by Lourdes Fritts
Much like the way some people do not care about their local sports team, I do not give much thought to my racial identity. This is mostly due to the fact that if I gave my race anymore thought than the occasional ponder, I would be in a constant state of identity crisis. My mother is Japanese-Korean raised in Japan, and my Father is Irish-German-Mexican raised in America. Thus I have christened myself as an “Euro-Mexi-Asian-American”. Fortunately I have been privileged enough in life where I was never made particularly conscious of my race; I have never let my race define me and very few people I’ve met have defined me by it. However, due to recent events in Ferguson, Missouri, I have become unusually conscious of my ethnic background.
After the grand jury failed to indict Darren Wilson my Facebook was splashed with statuses saying things like“f*ck white people #AmeriKKKa”, and articles talking about what white people need to do about racial inequality. There were many types of reactions to the grand jury’s decision but everything ultimately boiled down to race or more specifically, the oppression of black Americans by white Americans. Every day frustrated black (along with some enlightened white) Facebook friends posted lists of black victims of police brutality and offended white friends posted articles supporting the “not all whites” stance. Quite honestly, I didn’t understand my role in this conversation, I am horrified by the violence and inequality that American society has tolerated for so long but I cannot say that I completely empathize with black Americans. I am upset about Ferguson but I was not exactly sure why.
It is this feeling of disconnect that had made me conscious of my ambiguous racial identity. On one hand I am partially white, does that put me on the side of the oppressor? Did I feel upset because of underlying guilt? But what about the times where I was discriminated against, what about all the times where people told me to go back to China? Was I upset because I was afraid of being a victim of violent discrimination? While it isn’t true, I couldn’t help but feel that there was really no place for me in the conversation about race, I straddled an awkward border of whiteness that made it seem that I didn’t have the right to talk about race as a minority.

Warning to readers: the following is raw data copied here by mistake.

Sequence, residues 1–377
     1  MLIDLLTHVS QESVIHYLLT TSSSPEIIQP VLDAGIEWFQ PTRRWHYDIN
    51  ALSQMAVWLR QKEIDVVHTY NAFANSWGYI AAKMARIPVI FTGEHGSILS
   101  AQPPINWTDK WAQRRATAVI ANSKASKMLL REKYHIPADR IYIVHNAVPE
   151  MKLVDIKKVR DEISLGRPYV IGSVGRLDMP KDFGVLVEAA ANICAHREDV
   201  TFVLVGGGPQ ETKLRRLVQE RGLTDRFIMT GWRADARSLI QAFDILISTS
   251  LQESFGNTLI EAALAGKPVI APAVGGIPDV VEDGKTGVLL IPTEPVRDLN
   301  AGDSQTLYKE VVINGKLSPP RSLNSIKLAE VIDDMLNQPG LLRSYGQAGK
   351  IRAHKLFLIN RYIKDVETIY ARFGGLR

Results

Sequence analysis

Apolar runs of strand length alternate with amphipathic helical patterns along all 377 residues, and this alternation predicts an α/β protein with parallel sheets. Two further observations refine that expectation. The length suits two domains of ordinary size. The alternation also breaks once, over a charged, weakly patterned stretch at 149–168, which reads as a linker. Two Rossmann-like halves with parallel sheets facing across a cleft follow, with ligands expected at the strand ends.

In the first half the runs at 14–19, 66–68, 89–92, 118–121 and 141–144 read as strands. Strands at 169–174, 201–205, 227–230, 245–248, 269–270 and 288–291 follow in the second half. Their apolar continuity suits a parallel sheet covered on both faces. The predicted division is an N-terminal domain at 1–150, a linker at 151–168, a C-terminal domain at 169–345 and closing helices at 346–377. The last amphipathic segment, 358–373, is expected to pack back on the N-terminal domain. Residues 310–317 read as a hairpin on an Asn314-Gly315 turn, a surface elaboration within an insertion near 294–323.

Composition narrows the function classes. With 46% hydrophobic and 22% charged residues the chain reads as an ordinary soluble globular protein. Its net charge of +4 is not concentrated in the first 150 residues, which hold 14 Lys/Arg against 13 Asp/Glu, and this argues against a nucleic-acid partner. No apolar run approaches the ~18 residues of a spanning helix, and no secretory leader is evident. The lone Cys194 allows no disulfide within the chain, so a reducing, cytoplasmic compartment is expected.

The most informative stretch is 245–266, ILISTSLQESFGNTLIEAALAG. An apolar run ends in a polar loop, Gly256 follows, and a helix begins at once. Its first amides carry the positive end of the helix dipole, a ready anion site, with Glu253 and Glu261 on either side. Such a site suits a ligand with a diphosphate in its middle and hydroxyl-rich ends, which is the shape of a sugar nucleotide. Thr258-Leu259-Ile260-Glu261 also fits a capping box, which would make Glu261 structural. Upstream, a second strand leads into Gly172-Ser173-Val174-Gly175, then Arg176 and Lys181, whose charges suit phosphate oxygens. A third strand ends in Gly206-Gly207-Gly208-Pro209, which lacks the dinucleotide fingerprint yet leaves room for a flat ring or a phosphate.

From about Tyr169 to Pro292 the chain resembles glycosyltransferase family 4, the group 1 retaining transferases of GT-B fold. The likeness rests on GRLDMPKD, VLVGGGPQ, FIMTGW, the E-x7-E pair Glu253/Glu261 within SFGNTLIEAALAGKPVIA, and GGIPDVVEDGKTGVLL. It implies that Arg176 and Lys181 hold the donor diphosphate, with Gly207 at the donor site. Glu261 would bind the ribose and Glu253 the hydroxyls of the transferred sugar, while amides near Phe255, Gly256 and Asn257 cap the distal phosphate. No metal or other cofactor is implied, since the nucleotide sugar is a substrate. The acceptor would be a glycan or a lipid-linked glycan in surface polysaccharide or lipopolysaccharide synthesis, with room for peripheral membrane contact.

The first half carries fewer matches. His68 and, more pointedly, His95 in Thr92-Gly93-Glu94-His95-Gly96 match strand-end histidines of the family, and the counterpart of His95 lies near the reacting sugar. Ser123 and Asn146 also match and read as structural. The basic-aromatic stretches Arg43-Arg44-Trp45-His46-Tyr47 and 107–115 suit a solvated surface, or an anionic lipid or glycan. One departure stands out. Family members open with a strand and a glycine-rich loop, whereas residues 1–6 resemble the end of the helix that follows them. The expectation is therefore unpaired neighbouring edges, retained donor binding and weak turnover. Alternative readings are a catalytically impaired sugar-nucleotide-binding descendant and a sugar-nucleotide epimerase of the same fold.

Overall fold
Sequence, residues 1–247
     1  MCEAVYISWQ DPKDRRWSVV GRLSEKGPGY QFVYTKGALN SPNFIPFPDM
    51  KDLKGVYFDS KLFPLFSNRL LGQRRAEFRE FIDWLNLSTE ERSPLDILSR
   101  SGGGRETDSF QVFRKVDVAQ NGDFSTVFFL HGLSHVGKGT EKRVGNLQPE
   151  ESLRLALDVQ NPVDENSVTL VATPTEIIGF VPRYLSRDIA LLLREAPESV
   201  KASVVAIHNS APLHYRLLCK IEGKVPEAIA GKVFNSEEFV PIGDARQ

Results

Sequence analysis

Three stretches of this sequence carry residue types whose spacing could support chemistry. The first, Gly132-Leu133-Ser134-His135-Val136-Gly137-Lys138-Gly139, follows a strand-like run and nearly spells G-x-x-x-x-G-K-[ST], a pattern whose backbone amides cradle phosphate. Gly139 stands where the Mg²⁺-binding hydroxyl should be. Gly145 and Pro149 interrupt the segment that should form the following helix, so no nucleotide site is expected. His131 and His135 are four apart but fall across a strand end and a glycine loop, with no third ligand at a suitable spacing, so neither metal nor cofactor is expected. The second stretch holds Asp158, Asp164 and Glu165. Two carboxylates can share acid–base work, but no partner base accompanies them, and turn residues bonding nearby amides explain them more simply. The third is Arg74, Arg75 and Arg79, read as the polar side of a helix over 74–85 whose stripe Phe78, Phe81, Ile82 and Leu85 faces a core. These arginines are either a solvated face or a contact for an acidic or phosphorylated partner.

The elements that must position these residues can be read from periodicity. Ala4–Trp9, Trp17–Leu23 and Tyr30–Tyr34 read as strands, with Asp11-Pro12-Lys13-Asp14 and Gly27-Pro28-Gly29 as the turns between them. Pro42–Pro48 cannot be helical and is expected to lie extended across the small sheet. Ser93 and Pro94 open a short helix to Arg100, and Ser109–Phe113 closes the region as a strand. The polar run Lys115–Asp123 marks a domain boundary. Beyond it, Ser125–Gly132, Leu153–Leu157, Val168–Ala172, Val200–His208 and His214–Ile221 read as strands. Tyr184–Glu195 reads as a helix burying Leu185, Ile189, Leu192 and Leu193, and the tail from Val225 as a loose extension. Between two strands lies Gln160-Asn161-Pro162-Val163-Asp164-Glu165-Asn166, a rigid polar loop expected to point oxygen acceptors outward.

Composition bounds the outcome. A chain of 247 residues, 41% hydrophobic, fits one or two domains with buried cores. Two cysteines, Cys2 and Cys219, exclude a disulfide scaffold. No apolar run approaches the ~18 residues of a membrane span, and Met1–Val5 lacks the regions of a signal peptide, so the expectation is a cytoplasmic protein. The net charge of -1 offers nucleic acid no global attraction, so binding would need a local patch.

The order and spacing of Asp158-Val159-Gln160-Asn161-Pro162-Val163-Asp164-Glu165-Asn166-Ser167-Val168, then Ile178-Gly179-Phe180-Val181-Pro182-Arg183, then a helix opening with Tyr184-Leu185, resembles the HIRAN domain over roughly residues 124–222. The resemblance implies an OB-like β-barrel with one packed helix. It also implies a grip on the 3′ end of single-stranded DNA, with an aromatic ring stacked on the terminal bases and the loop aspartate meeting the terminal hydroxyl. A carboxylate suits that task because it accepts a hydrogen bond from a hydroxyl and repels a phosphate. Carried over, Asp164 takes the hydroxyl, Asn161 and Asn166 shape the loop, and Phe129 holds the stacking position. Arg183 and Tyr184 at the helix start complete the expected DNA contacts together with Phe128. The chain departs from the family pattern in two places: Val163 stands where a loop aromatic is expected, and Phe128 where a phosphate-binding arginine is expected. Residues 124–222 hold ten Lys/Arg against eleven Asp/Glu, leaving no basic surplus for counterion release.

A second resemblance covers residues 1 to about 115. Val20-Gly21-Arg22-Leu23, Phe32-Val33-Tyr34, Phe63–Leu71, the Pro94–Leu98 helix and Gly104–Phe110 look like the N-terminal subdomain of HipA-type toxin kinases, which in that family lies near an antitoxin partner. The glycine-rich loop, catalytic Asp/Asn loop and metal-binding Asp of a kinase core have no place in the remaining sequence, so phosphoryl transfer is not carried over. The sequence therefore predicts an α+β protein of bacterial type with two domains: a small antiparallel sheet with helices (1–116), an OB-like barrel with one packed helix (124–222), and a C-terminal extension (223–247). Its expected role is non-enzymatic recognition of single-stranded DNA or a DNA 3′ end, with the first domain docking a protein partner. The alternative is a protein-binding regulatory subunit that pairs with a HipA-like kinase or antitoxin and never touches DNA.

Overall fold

I thought about all these things for a while and ultimately decided that my disgust with the Ferguson case did not derive from any sense of ethnic identity (as a white or as a minority) but rather a betrayal of my national identity. As Craig Calhoun (1993:235) puts it, “The idea of nation is itself an instance and an archetype of this classifying logic of categorical identities”. As hackneyed as it sounds, I believed that being American stood for unparalleled equality and opportunity and seeing that it was not as I believed upset me quite a bit. I realized that my national identity was stronger than my racial identity because of my racial ambiguity. While this epiphany does virtually nothing to solve the racial tensions in Ferguson, I do believe that figuring something like this out can encourage more people to act as a community.
Calhoun, C. 1993. Nationalism and Ethnicity. Annual Review of Sociology, 19, 211-239.
Clarke, R., & Lett, C. (2014, November 11). What happened when Michael Brown met Officer Darren Wilson – CNN.com. Retrieved from http://edition.cnn.com/interactive/2014/08/us/ferguson-brown-timeline/